September: A Second Chance for a Fresh Start

I never get a new planner in January. My life has always revolved around schools, so I start getting excited around the last week in August about selecting my new planner for the year. And I never seem to leave the office supply store without some new pens, new folders, new pads, and new notebooks. Any of you share my stationery addiction?

The start of a new school year, traditionally the day after Labor Day, has always carried the promise of a fresh start. New pencils, new notebooks, new school-clothes. A new schedule, a new teacher, a new backpack.

People whose lives aren’t defined by the academic calendar only have one time a year—New Year’s Day— when they get to turn the page for a fresh start.

Students, teachers — and I want to add life-long learners — get a second chance in September for a nice clean sheet on which to write their hopes and dreams and good intentions.

The Day after Labor Day

This is just one reason I am so excited to launch Living CrossWise : Hope and Help for Navigating Transition on the day after Labor Day! Is there a better time than a new semester to start reading and studying a resource that will help you grow in faith?

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The Most Important Step in Writing a Book

My husband is a world-class listener. After meeting and talking with him at a social gathering, you leave with the wonderful feeling that you are both interesting and important. He smiles at you with those kind eyes, making you feel that your concerns are his concerns as he keeps coming up with questions to draw you out. This is one of the ways he won my heart so many decades ago.

He is still listening. And boy, am I putting it out. Processing. Downloading. Emoting. Stressing. Freaking Out. Melting Down. Cry Talking.

He is a patient man.

How to sum up how I’ve been feeling? Let’s just say I needed another go-round of this

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Reasons to Rejoice

It was good news and bad news. When I read Proverbs 17:6 in my NLT and saw that “Grandchildren are the crowning glory of the aged,” I clicked straight over to Biblos.com in hopes of finding that verse in another translation. Perhaps I could find one with a more flattering rendering of my current stage in life. Aged? Like the stone-deaf Aged P in Great Expectations? Not me?!

Actually, what I found was worse. “The aged” was actually

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The Size of Your Canvas

(First of all, let me say that I prefer dogs to cats by a factor of about fifty, but this watercolor of a blue-eyed cat by my friend Linda Mullen almost makes me want to switch sides. I have no talent in the visual arts, so I am completely dazzled by her ability to use just a little paint and water and paper to recreate a cat that looks like it wants to hop right into your lap and meow. Linda is an artist who deserves a wider audience and so I’m taking this opportunity to share her work, lindamullen.com, and gallery, Ballast Point Gallery, with you. )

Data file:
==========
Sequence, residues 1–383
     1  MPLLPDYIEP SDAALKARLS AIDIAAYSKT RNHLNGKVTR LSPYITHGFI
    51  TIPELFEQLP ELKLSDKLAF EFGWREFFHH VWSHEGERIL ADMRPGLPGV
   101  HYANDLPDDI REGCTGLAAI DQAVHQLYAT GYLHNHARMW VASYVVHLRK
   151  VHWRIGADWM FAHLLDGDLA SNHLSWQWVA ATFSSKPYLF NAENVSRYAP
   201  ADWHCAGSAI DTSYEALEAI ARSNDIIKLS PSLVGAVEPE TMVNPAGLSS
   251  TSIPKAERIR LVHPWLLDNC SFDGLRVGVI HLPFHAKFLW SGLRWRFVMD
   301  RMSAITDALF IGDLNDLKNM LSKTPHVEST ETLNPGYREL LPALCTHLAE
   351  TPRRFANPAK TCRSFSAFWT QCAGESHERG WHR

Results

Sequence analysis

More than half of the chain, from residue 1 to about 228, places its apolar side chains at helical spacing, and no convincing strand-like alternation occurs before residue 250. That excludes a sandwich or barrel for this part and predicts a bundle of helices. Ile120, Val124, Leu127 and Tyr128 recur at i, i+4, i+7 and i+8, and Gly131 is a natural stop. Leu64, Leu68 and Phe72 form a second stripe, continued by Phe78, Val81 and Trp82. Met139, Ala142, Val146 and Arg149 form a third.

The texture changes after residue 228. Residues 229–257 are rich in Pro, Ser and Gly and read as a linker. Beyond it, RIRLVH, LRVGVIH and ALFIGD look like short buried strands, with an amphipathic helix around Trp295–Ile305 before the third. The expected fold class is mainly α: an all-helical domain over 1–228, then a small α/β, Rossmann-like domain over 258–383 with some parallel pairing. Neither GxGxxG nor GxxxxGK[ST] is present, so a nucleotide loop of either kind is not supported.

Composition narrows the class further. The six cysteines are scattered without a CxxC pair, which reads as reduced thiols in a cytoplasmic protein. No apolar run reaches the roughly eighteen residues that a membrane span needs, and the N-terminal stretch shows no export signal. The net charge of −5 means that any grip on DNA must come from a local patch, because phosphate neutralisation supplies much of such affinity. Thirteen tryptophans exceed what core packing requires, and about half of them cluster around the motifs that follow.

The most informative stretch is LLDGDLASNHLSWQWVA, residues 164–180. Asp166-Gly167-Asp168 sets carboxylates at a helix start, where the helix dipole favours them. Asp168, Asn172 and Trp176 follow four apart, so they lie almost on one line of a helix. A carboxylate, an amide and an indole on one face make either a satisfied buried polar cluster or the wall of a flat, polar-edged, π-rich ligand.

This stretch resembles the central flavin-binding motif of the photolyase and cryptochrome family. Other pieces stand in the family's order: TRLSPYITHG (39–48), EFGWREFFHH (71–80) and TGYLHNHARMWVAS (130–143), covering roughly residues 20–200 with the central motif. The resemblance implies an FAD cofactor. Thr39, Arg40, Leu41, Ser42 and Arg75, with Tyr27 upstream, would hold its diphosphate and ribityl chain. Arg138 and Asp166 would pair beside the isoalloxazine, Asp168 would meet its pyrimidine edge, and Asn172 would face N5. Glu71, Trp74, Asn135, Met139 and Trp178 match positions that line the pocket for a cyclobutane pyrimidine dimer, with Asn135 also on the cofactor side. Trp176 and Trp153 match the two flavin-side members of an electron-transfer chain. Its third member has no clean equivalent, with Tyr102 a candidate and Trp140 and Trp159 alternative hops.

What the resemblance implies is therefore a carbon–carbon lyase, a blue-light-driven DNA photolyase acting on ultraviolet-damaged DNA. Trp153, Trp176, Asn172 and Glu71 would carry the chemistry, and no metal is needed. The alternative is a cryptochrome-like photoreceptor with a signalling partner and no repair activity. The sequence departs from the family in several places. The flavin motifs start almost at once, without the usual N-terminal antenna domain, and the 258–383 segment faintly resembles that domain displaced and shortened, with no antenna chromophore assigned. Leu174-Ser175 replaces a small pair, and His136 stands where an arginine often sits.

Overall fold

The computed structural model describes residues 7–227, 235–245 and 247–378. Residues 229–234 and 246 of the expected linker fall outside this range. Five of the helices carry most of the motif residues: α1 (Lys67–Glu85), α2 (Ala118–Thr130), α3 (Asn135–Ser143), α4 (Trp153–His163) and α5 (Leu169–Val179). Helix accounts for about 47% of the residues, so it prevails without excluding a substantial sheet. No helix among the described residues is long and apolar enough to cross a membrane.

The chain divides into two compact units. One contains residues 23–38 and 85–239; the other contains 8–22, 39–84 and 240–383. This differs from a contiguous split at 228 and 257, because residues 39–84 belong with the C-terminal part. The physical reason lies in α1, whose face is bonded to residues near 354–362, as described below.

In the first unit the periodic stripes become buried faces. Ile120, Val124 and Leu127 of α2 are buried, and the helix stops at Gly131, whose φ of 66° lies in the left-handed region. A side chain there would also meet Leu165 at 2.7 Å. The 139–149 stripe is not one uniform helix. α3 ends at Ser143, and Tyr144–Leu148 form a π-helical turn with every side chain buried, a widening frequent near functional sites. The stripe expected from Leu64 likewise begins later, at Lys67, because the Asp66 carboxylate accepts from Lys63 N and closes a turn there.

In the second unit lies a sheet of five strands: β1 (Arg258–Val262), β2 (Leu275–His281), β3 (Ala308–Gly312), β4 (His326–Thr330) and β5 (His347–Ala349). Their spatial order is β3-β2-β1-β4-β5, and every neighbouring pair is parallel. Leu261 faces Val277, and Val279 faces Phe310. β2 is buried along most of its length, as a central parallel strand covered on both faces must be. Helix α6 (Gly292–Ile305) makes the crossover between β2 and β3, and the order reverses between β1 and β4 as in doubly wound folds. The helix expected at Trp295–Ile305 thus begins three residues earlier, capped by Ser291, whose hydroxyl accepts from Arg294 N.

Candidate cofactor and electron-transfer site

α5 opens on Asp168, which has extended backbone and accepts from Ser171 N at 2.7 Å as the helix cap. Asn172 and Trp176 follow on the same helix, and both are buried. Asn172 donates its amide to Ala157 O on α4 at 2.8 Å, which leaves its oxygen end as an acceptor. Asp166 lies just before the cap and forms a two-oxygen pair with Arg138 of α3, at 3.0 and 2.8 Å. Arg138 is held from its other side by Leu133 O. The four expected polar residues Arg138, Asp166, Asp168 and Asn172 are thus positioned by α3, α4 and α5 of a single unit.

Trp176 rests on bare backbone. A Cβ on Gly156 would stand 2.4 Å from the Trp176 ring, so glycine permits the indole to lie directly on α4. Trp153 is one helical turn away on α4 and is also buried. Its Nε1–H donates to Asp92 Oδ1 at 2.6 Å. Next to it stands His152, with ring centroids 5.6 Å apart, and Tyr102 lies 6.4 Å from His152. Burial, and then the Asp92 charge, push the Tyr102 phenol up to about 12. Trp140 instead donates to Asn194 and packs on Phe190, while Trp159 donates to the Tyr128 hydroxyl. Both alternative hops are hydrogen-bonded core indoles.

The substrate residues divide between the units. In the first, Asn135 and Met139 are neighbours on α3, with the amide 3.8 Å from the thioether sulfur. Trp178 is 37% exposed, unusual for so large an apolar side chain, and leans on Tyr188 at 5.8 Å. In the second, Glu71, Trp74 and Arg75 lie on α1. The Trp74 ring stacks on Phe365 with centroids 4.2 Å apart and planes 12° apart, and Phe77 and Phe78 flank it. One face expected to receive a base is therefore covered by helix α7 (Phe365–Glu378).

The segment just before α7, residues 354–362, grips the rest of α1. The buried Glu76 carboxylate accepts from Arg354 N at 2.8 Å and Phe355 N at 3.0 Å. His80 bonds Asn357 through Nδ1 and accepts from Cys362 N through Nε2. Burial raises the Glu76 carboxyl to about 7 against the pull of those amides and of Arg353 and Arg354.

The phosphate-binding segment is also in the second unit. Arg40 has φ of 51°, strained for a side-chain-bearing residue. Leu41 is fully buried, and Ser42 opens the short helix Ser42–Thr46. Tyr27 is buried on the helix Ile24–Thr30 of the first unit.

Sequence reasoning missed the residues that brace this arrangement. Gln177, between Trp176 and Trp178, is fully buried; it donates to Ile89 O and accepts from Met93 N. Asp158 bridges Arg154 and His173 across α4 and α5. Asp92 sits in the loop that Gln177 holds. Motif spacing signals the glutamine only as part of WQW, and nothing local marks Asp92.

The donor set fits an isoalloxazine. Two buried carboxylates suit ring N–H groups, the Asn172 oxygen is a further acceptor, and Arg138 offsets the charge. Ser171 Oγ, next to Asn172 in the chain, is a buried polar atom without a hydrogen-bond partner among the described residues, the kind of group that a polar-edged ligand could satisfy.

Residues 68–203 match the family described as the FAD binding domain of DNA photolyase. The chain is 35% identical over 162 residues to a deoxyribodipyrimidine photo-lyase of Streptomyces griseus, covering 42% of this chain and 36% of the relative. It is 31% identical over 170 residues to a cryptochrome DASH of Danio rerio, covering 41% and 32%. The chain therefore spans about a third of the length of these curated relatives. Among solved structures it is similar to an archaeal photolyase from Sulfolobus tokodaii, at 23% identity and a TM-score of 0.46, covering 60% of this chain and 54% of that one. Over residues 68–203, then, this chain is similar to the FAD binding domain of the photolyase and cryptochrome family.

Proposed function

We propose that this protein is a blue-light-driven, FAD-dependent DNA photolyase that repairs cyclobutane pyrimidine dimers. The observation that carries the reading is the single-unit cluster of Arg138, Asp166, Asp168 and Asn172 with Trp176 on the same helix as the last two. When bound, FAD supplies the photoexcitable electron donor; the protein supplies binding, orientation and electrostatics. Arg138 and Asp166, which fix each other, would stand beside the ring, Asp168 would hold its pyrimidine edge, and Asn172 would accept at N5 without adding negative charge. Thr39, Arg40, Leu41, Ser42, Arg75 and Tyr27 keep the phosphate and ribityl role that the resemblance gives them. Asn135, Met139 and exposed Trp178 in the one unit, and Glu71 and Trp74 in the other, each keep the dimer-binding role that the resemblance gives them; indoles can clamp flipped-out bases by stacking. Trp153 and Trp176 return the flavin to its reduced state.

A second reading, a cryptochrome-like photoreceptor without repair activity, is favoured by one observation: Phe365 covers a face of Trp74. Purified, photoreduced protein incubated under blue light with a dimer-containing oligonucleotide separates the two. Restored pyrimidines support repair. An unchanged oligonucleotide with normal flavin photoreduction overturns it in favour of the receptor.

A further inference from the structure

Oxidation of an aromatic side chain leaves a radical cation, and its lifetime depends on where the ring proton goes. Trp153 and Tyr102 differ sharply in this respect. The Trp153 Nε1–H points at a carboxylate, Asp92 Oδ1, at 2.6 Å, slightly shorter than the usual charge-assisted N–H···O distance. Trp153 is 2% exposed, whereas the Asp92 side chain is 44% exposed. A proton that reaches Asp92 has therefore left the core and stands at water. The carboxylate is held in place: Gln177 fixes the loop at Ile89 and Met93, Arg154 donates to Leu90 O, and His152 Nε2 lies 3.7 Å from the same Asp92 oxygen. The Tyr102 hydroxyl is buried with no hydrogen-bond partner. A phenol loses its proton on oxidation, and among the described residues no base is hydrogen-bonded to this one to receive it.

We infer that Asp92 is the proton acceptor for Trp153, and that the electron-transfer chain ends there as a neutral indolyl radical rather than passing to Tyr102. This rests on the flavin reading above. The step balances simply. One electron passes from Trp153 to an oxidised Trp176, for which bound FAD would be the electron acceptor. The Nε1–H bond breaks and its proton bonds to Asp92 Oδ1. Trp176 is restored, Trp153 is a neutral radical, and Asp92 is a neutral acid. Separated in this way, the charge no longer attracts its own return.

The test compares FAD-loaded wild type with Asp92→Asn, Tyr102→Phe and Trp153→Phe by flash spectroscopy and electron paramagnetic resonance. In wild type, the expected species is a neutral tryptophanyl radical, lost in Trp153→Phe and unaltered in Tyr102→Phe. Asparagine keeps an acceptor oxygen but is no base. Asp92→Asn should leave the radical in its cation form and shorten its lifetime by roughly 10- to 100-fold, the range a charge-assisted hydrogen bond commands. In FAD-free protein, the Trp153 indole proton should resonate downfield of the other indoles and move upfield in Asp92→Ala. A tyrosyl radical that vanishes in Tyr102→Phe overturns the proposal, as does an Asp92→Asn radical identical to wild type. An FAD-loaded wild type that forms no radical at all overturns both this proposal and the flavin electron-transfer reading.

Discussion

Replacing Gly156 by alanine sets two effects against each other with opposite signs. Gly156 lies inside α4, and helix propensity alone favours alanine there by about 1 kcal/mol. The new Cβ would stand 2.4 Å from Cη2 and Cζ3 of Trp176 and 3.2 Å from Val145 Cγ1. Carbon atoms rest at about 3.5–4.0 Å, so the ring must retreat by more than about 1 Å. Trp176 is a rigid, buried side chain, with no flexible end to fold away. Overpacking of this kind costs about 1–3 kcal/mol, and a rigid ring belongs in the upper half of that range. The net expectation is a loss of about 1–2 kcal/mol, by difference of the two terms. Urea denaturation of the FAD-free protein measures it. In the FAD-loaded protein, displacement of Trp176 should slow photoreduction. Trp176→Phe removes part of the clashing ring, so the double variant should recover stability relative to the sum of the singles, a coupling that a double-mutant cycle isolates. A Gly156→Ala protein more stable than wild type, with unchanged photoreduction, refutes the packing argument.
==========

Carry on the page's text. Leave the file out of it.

The Size of Your Canvas: Reflections on Art and Audience

Some paintings are so big that they are best seen from a great distance.

In Rome I wanted nothing more than for the guards to just go away and leave us alone so that I could lie on my back and gaze up for hours at the ceiling of the Sistine Chapel. Instead, craning my neck in the midst of a hot and sweaty crowd of hundreds of others, I had to grab what I could in the frustratingly short 15 minutes they allowed us to view the frescoes we’d crossed an ocean and waited hours to see.

Other paintings are smaller in size, but no less powerful. At the Louvre in Paris, we were in a similar herd of tourists filing past the Mona Lisa, which turned out to be not a commanding painting at all, if size were the measure. Little more than life size, the drably colored canvas could only be viewed by few people at once. There was an optimal viewing distance, and it was much closer than that of Michaelangelo’s frescoes.

Both are masterpieces.

Last Friday night, Jeff and I happened upon on art show in San Diego featuring a Spanish artist, Royo. His paintings were grand scale expressionistic works of young beauties with downcast eyes, clad in gauzy garments and holding baskets of

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How to Keep Criticism from Crushing You

My skin is sensitive. So said my dermatologist, who—strangely, I thought—pointed out that she could sign her name on my back with just a light touch of her fingernail.

My emotions aren’t much different. If you’ve known for more than a week or two, you’ve probably seen me cry. And most of the times that my eyes are overflowing, I’m fighting it, embarrassed by my own transparent vulnerability. I’ve been rightly called “thin-skinned.”

The only parts of me, inside or out, that are not sensitive are my fingertips. I’ve been playing guitar my whole life— I don’t get have to have those white-tipped fingernails I enviously watch Beth Moore wave about so gracefully when she’s teaching. To me, however, it is a small sacrifice. Making music with stringed instruments has given me immeasurable pleasure. When I was a full-time performer, I could play guitar for 6 hours a day without feeling the strain. My secret? Industrial

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